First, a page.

The unique benefits a coworking space offers
Adapting to a new way of working can be challenging. However, employees want the flexibility of remote work more than ever before — and many are willing to quit if unable to work from home.
Companies that offer a hybrid model where remote teams also have access to a co-working space, will be getting the “best of both worlds.” Here are three unique benefits coworking spaces offer full-time employees:
1. Networking opportunities
Unlike the coffee shop around the corner where you’ll rub shoulders with everyone from college students to retirees to a handful of digital nomads, coworking spaces are populated by like-minded professionals. This means there is a lot of opportunity to strike up a conversation with someone who has a skillset you’re looking for!
Taking full advantage of a coworking space includes utilizing this unique opportunity to network. Especially for founders of startups and entrepreneurs, this opportunity to network is invaluable. Networking is one of the most valuable skills available in today's market.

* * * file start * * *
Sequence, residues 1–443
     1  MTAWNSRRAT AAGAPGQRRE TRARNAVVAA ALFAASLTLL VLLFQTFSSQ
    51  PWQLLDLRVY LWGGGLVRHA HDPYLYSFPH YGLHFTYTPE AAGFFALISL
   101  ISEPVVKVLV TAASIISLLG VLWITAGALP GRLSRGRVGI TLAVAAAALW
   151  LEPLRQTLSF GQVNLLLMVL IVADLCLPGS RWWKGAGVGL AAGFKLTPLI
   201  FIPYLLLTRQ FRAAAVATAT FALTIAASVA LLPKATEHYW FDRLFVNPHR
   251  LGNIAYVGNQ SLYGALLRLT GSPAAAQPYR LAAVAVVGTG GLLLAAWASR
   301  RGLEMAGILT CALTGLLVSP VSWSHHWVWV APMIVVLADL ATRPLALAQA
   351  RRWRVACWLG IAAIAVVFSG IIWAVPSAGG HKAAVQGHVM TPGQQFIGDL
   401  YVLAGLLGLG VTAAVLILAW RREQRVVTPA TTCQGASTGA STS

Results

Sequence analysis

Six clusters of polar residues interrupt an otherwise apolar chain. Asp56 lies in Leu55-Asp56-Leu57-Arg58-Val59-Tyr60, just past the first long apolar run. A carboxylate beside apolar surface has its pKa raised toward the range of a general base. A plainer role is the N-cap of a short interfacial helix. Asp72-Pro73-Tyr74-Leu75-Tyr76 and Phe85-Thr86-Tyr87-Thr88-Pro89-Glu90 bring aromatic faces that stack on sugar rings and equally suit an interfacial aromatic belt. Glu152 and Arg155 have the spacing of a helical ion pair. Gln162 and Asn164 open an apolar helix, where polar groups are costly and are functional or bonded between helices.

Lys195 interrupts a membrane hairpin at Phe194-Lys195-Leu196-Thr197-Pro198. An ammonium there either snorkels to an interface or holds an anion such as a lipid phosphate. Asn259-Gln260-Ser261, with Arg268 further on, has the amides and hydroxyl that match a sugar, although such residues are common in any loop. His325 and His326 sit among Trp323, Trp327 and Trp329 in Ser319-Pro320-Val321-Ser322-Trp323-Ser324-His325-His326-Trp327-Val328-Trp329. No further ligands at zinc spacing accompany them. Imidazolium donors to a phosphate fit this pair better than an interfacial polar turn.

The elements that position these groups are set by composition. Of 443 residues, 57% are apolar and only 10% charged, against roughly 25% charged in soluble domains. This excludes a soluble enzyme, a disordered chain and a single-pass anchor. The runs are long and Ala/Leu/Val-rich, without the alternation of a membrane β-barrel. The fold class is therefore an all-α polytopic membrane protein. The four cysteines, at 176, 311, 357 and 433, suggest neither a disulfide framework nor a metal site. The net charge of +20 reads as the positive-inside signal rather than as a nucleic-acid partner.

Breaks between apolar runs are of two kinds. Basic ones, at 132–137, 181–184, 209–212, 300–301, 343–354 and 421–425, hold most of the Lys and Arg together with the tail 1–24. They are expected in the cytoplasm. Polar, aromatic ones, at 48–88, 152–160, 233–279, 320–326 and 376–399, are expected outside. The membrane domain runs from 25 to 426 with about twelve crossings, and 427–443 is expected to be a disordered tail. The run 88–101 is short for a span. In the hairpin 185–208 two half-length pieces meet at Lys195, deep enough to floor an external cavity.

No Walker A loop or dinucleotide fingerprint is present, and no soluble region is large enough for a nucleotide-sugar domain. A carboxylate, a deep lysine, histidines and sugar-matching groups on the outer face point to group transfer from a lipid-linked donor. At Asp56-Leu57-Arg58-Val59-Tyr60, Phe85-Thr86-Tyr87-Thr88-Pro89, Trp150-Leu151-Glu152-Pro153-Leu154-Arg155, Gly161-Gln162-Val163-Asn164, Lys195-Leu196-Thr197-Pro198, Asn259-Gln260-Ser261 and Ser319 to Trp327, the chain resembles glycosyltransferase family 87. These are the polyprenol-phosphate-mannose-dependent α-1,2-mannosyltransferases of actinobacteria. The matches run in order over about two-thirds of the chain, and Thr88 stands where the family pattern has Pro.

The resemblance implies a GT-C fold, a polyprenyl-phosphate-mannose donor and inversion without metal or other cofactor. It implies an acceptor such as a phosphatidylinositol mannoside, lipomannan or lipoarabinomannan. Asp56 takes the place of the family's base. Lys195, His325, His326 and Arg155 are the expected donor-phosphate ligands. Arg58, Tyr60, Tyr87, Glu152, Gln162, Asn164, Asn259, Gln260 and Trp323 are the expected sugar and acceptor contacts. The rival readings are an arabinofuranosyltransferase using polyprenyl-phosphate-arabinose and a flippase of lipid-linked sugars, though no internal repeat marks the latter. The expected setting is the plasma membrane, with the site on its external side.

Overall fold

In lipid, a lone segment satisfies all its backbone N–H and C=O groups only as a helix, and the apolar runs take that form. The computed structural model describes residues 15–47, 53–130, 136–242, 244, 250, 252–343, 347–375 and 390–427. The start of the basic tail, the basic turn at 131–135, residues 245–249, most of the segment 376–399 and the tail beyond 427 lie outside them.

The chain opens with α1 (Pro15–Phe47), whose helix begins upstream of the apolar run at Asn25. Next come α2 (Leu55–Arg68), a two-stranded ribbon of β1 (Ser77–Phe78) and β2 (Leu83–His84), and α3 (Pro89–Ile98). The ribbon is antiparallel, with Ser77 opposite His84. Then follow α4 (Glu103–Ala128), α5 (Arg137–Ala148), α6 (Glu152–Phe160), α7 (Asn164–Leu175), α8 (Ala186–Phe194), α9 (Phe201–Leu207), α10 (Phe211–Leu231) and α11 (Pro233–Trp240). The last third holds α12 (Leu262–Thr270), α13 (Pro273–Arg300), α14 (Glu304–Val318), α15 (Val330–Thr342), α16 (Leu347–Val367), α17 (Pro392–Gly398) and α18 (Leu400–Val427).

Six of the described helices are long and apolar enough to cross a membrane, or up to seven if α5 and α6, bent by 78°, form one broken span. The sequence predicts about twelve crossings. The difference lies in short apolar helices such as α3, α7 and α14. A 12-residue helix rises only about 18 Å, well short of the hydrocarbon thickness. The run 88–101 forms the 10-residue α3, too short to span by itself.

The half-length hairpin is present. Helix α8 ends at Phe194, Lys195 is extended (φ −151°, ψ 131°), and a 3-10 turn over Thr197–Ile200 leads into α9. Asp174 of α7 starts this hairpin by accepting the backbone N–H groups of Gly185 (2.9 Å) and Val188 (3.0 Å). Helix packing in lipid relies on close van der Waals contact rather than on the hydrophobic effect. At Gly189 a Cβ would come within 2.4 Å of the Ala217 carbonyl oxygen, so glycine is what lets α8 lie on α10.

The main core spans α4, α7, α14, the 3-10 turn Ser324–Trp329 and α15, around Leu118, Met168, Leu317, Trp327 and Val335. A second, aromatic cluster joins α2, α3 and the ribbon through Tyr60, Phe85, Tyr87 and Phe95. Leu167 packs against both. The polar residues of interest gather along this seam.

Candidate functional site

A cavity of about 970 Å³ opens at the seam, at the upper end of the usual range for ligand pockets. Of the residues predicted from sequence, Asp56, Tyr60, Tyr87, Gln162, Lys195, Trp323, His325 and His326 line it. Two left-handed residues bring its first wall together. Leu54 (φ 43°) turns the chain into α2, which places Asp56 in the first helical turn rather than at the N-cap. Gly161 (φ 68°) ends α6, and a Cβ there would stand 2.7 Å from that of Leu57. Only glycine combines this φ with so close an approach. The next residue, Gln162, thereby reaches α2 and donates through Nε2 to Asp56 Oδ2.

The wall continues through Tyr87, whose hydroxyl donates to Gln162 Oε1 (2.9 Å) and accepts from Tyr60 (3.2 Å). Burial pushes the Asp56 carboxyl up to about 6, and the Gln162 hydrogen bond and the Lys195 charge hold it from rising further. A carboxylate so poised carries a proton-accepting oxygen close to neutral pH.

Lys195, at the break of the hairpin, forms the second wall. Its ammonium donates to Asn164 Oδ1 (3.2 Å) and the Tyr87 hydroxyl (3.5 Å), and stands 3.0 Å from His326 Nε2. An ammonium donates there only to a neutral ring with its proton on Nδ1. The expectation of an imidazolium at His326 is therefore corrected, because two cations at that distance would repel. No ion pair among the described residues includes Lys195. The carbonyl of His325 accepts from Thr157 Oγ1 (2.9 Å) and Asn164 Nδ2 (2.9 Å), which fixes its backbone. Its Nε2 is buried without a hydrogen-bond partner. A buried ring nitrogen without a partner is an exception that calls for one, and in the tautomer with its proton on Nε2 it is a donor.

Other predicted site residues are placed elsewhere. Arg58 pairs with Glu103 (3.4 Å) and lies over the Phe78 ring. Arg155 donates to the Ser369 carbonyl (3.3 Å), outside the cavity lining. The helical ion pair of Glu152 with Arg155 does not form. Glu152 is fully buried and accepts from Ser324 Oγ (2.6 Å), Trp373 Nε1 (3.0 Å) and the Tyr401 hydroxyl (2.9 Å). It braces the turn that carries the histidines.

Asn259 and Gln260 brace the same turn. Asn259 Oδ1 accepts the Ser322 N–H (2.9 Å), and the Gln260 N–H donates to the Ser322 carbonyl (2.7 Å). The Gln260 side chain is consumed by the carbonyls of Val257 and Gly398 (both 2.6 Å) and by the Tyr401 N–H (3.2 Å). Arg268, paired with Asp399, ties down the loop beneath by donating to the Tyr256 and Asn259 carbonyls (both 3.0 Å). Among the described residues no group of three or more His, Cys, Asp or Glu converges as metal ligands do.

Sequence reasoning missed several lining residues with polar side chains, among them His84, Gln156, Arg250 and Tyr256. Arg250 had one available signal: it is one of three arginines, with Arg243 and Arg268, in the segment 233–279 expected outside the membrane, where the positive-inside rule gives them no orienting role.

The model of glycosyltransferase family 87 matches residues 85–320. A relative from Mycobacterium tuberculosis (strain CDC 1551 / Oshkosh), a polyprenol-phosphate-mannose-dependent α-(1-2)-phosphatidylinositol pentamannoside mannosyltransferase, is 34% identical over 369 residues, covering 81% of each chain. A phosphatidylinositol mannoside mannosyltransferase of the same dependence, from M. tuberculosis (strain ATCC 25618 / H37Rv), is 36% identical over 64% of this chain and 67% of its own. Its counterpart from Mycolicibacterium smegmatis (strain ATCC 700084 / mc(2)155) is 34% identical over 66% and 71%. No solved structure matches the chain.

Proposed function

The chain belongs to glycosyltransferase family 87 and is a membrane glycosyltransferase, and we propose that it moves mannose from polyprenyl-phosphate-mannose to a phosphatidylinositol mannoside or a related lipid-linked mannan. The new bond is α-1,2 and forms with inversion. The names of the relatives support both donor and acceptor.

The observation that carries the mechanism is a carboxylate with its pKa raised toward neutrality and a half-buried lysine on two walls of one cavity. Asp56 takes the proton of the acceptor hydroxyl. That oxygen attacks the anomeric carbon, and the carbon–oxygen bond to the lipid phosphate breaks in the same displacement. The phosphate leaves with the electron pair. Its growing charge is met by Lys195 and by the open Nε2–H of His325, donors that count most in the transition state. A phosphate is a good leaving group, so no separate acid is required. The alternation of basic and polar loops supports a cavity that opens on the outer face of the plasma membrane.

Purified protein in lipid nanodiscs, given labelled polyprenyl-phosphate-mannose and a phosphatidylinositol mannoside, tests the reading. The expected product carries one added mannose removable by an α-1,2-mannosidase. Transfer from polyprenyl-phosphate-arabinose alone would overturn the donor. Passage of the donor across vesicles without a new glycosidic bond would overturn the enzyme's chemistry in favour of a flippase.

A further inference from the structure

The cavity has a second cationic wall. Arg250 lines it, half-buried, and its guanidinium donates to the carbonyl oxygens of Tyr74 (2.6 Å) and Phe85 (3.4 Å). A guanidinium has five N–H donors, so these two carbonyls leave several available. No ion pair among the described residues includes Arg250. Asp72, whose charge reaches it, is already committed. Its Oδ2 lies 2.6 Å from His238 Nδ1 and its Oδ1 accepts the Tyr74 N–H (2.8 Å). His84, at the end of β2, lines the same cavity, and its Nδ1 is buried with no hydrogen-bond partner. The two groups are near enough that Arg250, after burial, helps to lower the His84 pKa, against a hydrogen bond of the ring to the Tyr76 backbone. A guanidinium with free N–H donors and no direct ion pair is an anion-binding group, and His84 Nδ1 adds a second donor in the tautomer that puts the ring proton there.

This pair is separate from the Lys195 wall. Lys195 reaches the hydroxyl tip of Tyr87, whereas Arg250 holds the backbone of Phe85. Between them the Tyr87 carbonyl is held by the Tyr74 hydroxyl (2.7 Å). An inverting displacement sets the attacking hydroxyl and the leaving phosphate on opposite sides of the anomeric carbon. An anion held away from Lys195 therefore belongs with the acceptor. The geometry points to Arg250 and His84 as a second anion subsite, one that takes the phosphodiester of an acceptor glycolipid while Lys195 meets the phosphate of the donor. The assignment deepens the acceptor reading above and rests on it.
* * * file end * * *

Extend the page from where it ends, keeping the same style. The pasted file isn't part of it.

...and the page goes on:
Many coworking communities place a huge emphasis on facilitating networking. For example, WeWork says they are creating, “a space that you join as an individual ‘me,’ but where you become part of a greater ‘we.’”
Pro-tip: If networking isn’t one of your natural skills, be intentional about striking up conversations with people you’ve never talked to before. In a work environment like this, the fact that everyone there shares a common purpose makes it easier. Just ask someone near you what they’re working on today, and then see where the conversation goes.
2. Better work-life balance